Whether S series fixed switches support stacking

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The Typical Configuration Examples document describes whether each model and version of S series fixed switches (except S1700 switches) supports stacking as well as stack modes, hardware and software requirements, typical networking, and configuration steps. For details, click Typical Configuration Examples and choose Typical Stack Configuration of Fixed Switches- Determining the Stack Connection Mode and Hardware and Software Requirements.

Other related questions:
Whether the configuration of an S series fixed switch stack changes after the stack splits
After a stack is set up, all stack member switches function as one switch on a network. The configuration of the stack is the configuration of the master switch, which is synchronized to the standby switch by the master switch. If a fault occurs on the master switch and the master switch restarts, the standby switch does not restart and function as the master switch. That is, the configuration of the stack does not change.

Advantages of stacks of S series fixed switches
Stacking technology provides high network reliability and forwarding performance while simplifying network management. It has the following advantages: 1. High reliability: Member switches in a stack work in redundancy mode. Link redundancy can also be implemented between member switches through inter-device link aggregation. 2. High scalability: You can increase ports, bandwidth, and processing capacity of a stack by simply adding member switches to the stack. Member switches can join or leave the stack without affecting other member switches. New switches automatically synchronize the configuration file and system software version with the master switch. 3. Simpler configuration and management: You can log in to a stack from any member switch to manage and configure all the member switches in the stack. In addition, complicated Layer 2 ring protection protocols or Layer 3 protection switching protocols are not required after switches set up a stack; therefore, the network configuration is much simpler.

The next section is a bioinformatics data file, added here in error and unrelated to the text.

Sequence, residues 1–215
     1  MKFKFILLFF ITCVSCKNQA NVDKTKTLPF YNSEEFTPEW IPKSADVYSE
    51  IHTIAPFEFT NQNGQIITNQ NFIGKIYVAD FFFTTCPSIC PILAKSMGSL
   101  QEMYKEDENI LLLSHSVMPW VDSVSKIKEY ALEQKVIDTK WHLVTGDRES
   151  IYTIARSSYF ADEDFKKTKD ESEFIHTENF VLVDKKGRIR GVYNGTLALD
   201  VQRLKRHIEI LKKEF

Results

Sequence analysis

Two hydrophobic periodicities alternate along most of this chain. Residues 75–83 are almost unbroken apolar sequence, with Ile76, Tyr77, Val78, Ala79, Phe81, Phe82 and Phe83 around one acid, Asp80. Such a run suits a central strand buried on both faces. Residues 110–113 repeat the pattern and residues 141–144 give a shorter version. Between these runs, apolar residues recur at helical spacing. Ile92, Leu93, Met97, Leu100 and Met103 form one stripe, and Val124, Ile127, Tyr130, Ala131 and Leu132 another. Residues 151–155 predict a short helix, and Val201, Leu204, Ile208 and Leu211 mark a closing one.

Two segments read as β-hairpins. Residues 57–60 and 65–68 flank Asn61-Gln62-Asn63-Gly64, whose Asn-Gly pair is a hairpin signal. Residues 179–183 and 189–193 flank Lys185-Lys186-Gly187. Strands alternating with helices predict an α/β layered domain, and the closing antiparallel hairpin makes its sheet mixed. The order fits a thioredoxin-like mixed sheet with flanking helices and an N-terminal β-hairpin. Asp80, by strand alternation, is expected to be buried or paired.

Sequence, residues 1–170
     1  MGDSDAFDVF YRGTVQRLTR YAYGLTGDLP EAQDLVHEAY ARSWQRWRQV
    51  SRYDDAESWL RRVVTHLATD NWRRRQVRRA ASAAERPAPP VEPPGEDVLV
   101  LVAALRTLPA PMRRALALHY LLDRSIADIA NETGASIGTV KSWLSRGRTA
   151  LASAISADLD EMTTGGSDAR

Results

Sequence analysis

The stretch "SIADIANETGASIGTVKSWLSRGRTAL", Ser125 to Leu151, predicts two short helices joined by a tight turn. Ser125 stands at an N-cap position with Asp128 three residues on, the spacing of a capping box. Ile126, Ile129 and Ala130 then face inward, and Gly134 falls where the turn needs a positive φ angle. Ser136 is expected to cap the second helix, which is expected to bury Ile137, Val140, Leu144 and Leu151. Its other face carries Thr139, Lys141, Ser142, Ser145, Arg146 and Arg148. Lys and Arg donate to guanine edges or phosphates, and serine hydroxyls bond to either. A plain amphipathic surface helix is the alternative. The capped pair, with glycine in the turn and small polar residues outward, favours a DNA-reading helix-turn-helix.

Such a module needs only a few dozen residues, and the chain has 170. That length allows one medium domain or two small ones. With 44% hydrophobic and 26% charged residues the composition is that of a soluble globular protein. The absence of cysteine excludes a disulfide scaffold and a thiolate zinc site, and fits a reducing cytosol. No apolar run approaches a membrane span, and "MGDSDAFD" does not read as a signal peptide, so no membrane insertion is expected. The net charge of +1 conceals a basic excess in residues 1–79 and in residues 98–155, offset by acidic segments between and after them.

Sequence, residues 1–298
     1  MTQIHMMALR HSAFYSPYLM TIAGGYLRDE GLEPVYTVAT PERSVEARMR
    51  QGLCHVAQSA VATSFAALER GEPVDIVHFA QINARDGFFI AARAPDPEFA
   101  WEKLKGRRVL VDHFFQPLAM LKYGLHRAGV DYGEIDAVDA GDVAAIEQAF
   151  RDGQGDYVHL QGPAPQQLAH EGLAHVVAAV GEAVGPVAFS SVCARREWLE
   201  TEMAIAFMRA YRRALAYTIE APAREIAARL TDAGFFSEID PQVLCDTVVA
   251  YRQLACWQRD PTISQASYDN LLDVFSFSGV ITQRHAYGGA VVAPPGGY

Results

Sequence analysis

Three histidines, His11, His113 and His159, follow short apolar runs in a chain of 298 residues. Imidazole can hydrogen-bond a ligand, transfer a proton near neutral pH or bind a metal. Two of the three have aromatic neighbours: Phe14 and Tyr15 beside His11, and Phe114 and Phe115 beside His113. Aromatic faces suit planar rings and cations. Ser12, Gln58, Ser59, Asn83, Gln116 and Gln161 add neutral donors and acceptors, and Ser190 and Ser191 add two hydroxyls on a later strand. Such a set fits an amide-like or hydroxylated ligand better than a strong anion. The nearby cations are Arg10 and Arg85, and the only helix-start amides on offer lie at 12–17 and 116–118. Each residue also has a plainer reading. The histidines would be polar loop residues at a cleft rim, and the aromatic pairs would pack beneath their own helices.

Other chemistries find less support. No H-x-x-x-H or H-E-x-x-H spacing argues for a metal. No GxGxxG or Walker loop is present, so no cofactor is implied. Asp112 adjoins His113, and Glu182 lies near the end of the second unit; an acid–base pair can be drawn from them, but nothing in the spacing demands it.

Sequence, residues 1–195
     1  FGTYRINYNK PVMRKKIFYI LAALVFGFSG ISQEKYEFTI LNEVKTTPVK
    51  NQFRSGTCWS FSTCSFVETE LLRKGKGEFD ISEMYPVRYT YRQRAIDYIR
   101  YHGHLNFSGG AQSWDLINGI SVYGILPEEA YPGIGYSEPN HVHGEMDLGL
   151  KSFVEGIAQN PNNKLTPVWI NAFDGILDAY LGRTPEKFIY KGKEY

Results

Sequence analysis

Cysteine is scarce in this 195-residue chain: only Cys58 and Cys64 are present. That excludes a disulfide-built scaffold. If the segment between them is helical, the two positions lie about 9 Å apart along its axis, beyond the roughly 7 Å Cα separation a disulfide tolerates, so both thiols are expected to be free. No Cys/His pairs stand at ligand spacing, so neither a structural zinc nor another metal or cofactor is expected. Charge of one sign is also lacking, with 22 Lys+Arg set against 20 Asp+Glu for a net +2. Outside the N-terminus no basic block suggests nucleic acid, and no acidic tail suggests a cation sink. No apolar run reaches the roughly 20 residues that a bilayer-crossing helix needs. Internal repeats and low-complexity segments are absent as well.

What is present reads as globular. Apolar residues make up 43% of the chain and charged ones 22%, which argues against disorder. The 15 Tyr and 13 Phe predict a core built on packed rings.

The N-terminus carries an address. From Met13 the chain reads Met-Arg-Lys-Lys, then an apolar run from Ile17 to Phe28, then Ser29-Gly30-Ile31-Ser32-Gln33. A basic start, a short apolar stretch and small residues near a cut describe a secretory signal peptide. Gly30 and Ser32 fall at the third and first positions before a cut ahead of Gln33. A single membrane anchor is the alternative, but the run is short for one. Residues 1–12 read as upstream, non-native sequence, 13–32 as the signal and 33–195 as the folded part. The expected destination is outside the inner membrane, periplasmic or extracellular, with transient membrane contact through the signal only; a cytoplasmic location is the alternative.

Upgrade stacks of S series fixed switches